Ditching meat? What to consider before switching to a plant-based diet
Ever wondered how vegetarians and vegans maintain balanced diets after taking out a major part of a usual diet? What are the possible side effects of this?
Lately, we have all be told repeatedly that eating meat has a terrible impact on the environment. For many, this has sparked the decision to move towards a plant-based diet. As someone who is interested in shifting towards a vegetarian diet, I started looking into the nutritional impacts of cutting meat out of your diet
After a little bit of digging, I found that there are very specific and important nutrients don’t appear nearly as abundantly in veggies than they do in meat. These include iron and vitamin B12.
Heads up new vegetarians and vegans, you’ll need to make sure you’re getting enough of these!! Each of these have crucial roles on the body, such as brain function and development, supporting the immune system, as well as affecting blood flow and our ability to concentrate.
Iron is vital for the mental development of children and teenagers, as well as women and girls during various stages of their menstrual cycle. A lack of iron can cause reduced energy and concentration levels, as well as a reduced resistance to illness.
Iron exists in two forms: Heme iron and non-heme iron. Heme iron is found in meats like red-meat, poultry and seafood, whilst non-heme is found predominantly in plant foods, such as vegetables, cereals, beans and lentils.
A major difference between the two is that non-heme iron is not absorbed as well as heme iron. Additionally, non-heme comes in two forms: Fe2+, which the body only absorbs some of, and Fe3+, which the body absorbs none of. Both forms are found in plants
Vitamin B12 is required for the generation of the myelin sheath, which wraps around your nerves. It is critical for maintaining DNA repair. A lack of vitamin B12 can potentially cause severe and irreversible damage to brain and nervous system and will result in a build up of a toxic substance called homocysteine – can damage vascular tissue and nerves in the brain.
Vitamin B12 is only produced in animal products. The common misconception is that both plants and fungi contain vitamin B12, when in fact, plants and fungi (veggies and mushrooms) contain Vitamin B12 analogues which do not have any effect on humans.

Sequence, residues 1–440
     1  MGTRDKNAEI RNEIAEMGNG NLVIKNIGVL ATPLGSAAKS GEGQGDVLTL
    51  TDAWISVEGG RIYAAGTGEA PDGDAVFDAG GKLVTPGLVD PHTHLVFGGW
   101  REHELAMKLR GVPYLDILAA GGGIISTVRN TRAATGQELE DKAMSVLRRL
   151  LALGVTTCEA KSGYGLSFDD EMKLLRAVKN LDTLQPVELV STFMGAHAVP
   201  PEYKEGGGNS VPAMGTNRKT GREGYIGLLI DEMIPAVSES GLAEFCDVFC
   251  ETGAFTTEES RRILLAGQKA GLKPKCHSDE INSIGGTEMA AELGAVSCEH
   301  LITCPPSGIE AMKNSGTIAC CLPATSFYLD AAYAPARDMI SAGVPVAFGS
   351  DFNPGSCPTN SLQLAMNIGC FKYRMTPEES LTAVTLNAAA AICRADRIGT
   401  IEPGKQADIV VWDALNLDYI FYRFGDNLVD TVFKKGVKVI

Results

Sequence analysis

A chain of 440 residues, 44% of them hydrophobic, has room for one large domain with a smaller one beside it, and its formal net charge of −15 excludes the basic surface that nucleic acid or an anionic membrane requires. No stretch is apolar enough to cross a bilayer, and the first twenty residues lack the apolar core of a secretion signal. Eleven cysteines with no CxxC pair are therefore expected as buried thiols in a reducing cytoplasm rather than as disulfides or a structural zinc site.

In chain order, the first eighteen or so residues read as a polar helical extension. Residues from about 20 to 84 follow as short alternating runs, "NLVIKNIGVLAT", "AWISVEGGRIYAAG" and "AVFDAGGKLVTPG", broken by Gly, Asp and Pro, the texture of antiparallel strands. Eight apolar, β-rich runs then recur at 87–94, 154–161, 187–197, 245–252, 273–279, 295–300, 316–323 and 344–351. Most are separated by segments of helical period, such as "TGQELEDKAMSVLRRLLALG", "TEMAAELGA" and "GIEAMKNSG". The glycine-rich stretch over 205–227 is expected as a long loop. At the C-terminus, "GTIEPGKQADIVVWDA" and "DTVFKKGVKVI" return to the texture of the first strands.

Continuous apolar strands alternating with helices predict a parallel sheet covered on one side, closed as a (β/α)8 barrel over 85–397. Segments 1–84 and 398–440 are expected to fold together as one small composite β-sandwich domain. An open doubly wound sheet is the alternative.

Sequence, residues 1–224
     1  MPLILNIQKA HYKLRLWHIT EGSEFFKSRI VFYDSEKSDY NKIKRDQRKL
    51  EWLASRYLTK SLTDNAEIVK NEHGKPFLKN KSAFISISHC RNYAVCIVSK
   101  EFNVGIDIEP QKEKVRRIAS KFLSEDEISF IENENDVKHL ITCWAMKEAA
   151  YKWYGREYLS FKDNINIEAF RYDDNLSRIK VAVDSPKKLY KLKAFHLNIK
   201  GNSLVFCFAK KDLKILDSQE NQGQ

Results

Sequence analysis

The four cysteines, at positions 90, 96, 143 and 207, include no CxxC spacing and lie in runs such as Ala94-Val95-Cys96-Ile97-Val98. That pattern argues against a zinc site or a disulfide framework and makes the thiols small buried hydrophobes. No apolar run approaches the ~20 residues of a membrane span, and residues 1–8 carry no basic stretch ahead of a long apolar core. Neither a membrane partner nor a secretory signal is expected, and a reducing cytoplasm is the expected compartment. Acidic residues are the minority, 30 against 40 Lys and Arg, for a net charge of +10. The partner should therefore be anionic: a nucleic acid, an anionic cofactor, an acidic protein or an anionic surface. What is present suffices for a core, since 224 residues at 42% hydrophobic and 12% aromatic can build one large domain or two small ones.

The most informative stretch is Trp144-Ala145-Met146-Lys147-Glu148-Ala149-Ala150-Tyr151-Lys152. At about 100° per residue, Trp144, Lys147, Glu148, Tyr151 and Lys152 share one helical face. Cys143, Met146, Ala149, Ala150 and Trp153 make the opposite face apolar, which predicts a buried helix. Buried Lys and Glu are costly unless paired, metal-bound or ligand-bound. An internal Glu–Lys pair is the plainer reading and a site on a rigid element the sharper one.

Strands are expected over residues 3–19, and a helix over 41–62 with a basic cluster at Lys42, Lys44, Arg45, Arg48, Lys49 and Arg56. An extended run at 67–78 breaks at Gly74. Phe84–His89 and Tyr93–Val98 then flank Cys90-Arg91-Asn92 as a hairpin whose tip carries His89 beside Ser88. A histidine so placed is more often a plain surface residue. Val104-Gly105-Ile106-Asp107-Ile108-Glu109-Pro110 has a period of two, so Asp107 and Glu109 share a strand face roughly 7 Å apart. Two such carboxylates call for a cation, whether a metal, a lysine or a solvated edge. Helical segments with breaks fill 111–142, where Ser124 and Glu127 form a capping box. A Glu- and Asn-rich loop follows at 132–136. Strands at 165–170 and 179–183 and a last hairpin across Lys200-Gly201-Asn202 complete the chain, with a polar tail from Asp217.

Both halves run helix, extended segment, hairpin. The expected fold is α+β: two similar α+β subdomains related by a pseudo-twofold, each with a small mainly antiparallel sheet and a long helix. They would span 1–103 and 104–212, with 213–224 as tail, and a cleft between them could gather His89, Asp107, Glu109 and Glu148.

Animals that don’t eat meat, like elephants, gorillas and rhinos, can get their vitamin B12 intake from plants because they can absorb these vitamin B12 analogues. However, humans don’t have the gut microbes or the enzymes to turn those analogues into something which is functional.
So what do vegetarians do?
Vegetarians who exclude all animal products from their diet may need almost
twice as much dietary iron each day as non-vegetarians. Thankfully, iron can be found in eggs, as well as nuts, seeds, legumes and tofu.
Interestingly, vitamin C converts the unabsorbed Fe3+ to Fe2+, which at least can be somewhat absorbed. So to help facilitate the amount of iron taken up, eat iron-rich food with some vitamin C food. These can include citrus fruits, spinach, cabbage and capsicum.
Unfortunately, it’s not quite so simple for vitamin B12. Since it can only be found in meat, the only way to maintain Vitamin B12 levels will be through supplements, which can be bought at the chemist.
With these simple steps you can put your mind at ease while enjoying the health and environmental benefits of a diet rich in plants.
- Bioavailability of iron, zinc, and other trace minerals from vegetarian diets – https://academic.oup.com/ajcn/article/78/3/633S/4690005
Low vitamin B-12 status and risk of cognitive decline in older adults – https://academic.oup.com/ajcn/article/86/5/1384/4650721